Building Bridges

What do a wardrobe, a door in the air, and a picture of a ship hanging on a bedroom wall have in common?

They all operate as a bridge.

Maybe you didn’t have a clue about the wardrobe, door in the air, or picture of a ship. I didn’t either until this summer, but many in the younger generation do. Likewise, the younger generation may not be familiar with this term–the sandwich generation–but my generation is.

Those in the sandwich generation are put in the position to care for both their children and their parents simultaneously, both emotionally and financially. They’re “sandwiched” between aging parents and adult children financially struggling to attain a solid financial foothold.[1] Did you know this demographic accounts for about 47 percent of adults in their 40s and 50s who have a parent 65 or older and are also raising a youngster or supporting a grown child? The term “sandwich generation” became so commonplace it was officially added to the Merriam-Webster Dictionary in 2006.[2]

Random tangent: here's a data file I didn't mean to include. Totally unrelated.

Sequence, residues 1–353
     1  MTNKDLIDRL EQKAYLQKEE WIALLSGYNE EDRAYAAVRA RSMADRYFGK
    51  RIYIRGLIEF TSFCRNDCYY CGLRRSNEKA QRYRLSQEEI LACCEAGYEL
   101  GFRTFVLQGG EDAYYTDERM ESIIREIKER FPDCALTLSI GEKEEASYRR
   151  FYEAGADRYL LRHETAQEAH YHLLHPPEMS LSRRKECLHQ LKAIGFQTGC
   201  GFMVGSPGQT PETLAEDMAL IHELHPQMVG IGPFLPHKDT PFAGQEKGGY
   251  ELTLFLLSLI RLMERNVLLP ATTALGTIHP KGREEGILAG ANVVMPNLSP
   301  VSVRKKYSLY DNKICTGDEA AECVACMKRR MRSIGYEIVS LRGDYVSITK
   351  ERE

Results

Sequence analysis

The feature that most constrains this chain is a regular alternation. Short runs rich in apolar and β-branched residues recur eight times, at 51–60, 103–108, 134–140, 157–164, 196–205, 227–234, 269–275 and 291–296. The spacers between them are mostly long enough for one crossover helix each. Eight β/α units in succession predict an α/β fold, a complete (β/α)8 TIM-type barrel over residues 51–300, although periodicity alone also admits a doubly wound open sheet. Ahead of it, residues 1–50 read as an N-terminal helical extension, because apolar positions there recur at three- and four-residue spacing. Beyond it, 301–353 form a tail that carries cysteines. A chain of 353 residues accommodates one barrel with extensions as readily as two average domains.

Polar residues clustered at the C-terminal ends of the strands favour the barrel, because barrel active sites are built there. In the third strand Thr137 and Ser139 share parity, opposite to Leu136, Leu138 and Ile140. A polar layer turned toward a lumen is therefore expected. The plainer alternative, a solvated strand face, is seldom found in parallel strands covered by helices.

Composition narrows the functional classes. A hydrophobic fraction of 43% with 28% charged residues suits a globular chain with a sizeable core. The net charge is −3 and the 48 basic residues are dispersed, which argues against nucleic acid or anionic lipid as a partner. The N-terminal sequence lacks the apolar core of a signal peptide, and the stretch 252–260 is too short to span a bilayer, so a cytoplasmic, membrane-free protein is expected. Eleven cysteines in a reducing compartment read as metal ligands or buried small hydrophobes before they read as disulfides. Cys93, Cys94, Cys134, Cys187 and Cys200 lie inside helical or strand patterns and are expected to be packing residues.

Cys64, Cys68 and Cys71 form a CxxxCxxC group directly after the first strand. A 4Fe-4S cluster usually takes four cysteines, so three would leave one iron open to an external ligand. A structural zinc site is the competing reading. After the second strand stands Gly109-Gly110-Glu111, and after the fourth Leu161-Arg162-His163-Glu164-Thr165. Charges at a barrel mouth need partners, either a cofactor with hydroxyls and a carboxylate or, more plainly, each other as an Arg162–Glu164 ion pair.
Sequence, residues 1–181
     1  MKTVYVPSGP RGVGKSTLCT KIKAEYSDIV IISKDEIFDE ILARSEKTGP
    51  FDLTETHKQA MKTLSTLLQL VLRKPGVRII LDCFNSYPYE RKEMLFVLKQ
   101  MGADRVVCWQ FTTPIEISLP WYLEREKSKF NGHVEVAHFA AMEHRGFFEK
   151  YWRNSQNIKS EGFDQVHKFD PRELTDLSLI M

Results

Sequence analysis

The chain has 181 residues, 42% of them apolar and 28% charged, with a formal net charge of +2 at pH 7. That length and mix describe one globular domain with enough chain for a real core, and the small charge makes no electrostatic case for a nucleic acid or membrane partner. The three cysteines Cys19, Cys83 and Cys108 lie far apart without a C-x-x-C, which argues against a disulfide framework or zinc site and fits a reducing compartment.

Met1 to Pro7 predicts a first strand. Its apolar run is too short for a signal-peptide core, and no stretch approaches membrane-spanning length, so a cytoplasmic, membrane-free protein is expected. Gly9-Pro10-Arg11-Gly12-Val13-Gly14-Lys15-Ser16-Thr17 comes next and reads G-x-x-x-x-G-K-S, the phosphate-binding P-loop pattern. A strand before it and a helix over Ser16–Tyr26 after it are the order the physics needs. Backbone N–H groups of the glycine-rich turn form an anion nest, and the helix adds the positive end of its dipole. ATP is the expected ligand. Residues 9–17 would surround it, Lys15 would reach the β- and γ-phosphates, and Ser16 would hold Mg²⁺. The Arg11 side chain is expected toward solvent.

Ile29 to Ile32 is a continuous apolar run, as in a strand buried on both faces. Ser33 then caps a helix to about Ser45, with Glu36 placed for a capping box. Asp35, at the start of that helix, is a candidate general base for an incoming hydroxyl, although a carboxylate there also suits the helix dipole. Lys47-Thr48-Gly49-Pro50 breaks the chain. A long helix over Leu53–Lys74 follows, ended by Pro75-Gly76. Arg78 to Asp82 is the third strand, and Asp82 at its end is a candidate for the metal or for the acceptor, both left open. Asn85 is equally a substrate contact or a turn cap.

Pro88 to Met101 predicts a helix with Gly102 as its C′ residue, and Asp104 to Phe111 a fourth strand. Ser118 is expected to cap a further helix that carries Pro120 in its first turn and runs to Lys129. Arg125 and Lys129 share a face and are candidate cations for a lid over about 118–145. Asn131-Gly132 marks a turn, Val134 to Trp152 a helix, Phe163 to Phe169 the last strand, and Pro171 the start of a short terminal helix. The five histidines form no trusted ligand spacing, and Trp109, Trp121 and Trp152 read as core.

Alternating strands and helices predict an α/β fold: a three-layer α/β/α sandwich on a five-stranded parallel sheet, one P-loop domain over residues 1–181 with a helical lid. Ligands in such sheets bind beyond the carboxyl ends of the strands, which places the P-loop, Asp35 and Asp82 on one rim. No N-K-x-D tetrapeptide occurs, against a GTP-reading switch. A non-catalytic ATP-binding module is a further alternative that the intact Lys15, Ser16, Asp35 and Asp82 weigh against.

Maybe this term is new to both generations–the “club sandwich generation.” It refers to a situation that is becoming commonplace, too. Adults who are wedged between aging parents, their adult children, AND grandchildren.

This can result in a lot of people under one roof. Parents and young adults living in one home. Parents, young adults, and grandchildren all sharing the same living space. Often dealing with added financial stresses as a result, and certainly a formula for increased discord and conflict.

The home isn’t the only place where multiple generations operate under one roof. In the workplace, I’m at an age where some employees are the same age as my daughter. I’m also in a season where I’ve seen firsthand the effects of aging in my parents’ generation. Sadly I’ve heard comments from my parents’ generation that reveal haunting undertones questioning their relevance.

It’s a time for greater understanding and mutual respect between generations more than ever before.